It’s been a long process but Dennis O’s 1946 Indian Chief restoration was finally completed. Dennis was thrilled and is happy to have the bike. He has even already won some awards in some California bike shows. Check out the older posts for the progression of this project.
It’s almost done. We are just putting the finishing touches on this project. You can see the evolution of Dennis’ Indian restoration in other posts earlier in the blog. Below are a few videos showing a closer look at the details of this bike and its first test ride. Enjoy!
Here’s another update on Dennis’ 1946 Indian. It is getting close to being complete. Dennis should be able to start enjoying his motorcycle soon. For the complete story of this restoration visit our archived posts.
We finished Mike’s 1948 Indian. It rode like a new one and he was very happy with the job. We had it delivered to him by Arizona Motorcycle Towing (Michelle, the owner does a great job), and he is now riding and enjoying it.
We have slowly but surely been working on Dennis’ Indian. Here are a few picture updates. You can see the first part of Dennis’ restoration story here.
Currently, the sheet metal is straightened, primed, and is ready for paint. The engine is going together. These are some shots of the machine work being done. Our next steps will be fitting the sheet metal to the frame, rebuilding the transmission, and refurbishing the wheels.
We are making headway on Mike’s 1948 Indian Chief. The engine is balanced and blueprinted. We put all new gears in the transmission, including mainshaft and countershaft. The engine and transmission are joined together and installed in the frame. We also did the the last sheet metal fitting to make sure that there are no issues or extra holds and that it all fits perfectly prior to painting. Mike chose red and cream; he likes to refer to it as red and vanilla. Much thanks to Dave at The Shop in Ventura California. He is a long time friend and Indian guru.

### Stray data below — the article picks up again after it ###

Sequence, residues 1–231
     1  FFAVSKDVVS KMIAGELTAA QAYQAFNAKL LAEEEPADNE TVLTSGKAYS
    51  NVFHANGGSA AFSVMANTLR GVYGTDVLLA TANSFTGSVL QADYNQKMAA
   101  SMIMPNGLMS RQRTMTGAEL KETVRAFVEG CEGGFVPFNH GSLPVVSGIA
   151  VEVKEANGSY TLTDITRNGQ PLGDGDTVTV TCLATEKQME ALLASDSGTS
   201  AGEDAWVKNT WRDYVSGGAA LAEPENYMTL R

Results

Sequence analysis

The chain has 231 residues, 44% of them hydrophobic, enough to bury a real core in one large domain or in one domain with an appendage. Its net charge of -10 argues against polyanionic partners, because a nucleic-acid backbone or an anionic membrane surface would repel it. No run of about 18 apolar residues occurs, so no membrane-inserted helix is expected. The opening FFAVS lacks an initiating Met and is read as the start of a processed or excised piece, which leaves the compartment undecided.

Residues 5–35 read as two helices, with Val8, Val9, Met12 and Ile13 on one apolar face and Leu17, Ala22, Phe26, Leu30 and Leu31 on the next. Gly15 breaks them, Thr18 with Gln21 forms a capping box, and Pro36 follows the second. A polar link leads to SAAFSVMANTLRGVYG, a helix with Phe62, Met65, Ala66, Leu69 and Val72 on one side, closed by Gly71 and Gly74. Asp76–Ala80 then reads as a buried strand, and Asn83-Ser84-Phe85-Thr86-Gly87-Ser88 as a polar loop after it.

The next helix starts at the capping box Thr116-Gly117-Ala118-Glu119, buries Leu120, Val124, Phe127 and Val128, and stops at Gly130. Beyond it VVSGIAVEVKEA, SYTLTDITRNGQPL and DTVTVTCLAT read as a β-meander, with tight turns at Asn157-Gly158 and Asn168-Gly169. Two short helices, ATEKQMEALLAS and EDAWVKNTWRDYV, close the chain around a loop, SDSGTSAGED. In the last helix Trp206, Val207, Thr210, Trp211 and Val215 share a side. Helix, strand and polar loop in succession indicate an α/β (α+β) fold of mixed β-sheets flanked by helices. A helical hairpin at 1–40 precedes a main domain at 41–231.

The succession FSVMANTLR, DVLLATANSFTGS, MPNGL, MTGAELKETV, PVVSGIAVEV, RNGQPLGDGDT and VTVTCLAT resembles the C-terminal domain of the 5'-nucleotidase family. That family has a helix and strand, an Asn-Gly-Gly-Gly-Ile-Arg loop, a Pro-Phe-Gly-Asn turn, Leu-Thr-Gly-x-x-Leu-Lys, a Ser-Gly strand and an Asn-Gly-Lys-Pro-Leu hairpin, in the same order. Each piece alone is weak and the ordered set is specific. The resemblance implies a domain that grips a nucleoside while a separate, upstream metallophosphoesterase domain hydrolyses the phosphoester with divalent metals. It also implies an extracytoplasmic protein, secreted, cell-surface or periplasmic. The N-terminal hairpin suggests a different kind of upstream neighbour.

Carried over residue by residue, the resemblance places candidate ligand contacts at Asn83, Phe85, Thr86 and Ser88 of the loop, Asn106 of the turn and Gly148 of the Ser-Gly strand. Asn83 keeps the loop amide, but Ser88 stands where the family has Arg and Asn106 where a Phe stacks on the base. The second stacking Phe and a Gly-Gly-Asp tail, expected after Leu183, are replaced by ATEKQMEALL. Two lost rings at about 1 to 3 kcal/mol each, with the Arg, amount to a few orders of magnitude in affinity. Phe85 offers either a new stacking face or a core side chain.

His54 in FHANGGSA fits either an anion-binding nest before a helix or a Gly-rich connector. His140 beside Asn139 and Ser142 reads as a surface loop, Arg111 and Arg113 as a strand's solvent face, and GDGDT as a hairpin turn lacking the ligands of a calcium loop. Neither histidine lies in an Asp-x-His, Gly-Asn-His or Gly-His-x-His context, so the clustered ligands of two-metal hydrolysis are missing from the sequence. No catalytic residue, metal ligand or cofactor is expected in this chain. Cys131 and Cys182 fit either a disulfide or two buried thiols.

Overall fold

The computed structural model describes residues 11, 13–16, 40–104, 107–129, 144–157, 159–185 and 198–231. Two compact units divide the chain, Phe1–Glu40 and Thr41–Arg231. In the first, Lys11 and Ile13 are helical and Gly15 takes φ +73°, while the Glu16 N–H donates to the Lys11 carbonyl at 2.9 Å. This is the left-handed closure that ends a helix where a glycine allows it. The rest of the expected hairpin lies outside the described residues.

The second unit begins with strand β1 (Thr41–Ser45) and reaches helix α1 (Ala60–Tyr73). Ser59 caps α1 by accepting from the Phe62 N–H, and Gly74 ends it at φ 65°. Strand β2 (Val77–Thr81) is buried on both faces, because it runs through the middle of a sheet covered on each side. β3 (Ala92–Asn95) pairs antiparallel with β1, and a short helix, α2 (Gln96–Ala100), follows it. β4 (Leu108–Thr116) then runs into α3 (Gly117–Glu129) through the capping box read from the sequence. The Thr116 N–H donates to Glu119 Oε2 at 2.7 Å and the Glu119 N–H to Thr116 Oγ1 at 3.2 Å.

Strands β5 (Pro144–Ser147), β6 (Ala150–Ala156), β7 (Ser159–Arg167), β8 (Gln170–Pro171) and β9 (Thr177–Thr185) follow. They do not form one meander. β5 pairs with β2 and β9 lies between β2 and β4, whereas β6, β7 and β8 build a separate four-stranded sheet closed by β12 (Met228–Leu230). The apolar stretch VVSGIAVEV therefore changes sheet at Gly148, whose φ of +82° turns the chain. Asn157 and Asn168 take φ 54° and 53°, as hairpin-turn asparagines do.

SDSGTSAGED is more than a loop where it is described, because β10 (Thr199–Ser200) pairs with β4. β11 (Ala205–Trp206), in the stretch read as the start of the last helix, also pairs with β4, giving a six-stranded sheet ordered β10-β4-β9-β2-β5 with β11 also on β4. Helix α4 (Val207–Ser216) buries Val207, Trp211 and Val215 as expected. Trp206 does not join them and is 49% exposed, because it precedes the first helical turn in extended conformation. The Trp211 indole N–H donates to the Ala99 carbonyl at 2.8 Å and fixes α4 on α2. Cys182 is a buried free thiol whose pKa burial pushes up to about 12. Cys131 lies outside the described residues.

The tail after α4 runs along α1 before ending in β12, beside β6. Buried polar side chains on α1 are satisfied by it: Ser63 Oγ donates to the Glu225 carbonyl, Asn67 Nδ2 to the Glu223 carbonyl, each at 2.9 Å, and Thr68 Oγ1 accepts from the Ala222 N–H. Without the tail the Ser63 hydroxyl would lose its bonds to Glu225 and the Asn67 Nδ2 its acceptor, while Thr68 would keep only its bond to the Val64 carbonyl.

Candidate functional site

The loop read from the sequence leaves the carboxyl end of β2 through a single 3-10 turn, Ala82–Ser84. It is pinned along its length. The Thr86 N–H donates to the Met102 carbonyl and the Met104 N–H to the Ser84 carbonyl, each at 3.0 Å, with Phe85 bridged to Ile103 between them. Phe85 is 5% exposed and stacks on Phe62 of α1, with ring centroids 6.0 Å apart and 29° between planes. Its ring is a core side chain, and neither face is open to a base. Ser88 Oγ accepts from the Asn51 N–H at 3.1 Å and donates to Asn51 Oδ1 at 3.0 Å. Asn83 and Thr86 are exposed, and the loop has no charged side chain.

Dennis brought his 1946 Indian to us this last summer for a full restoration. It was a complete bike but was fully disassembled. These pictures show some of the process that the bike is currently going through as we begin our restoration. The frame and finders have been sandblasted in preparation for bodywork and paint. We have cleaned the frame, removing all non-original pieces, and we have gone though most of the parts to see what is good and what is still needed. We will post more updates as we continue working on this bike.
This 1950 Indian was found in a barn in Pennsylvania. It was originally brought to us for restoration, but we talked the owner into getting it running and leaving it original after we saw how special this bike was. 1950 was the first year Indians were produced with a telescopic front fork as well as left-hand shift and right-hand throttle. It was also the first year for the 80 cubic inch motor. This bike was painted black when it came to us, but we removed the black paint to find the original Indian Red paint. Original-paint bikes are much more desirable than restored ones, in our opinion. In order to get it running, we may have to do a top-end on it. We also anticipate having to rewire and rebuild some components. This project may take a couple of months. These pictures may give you an idea of what an original 1950 Indian looks like.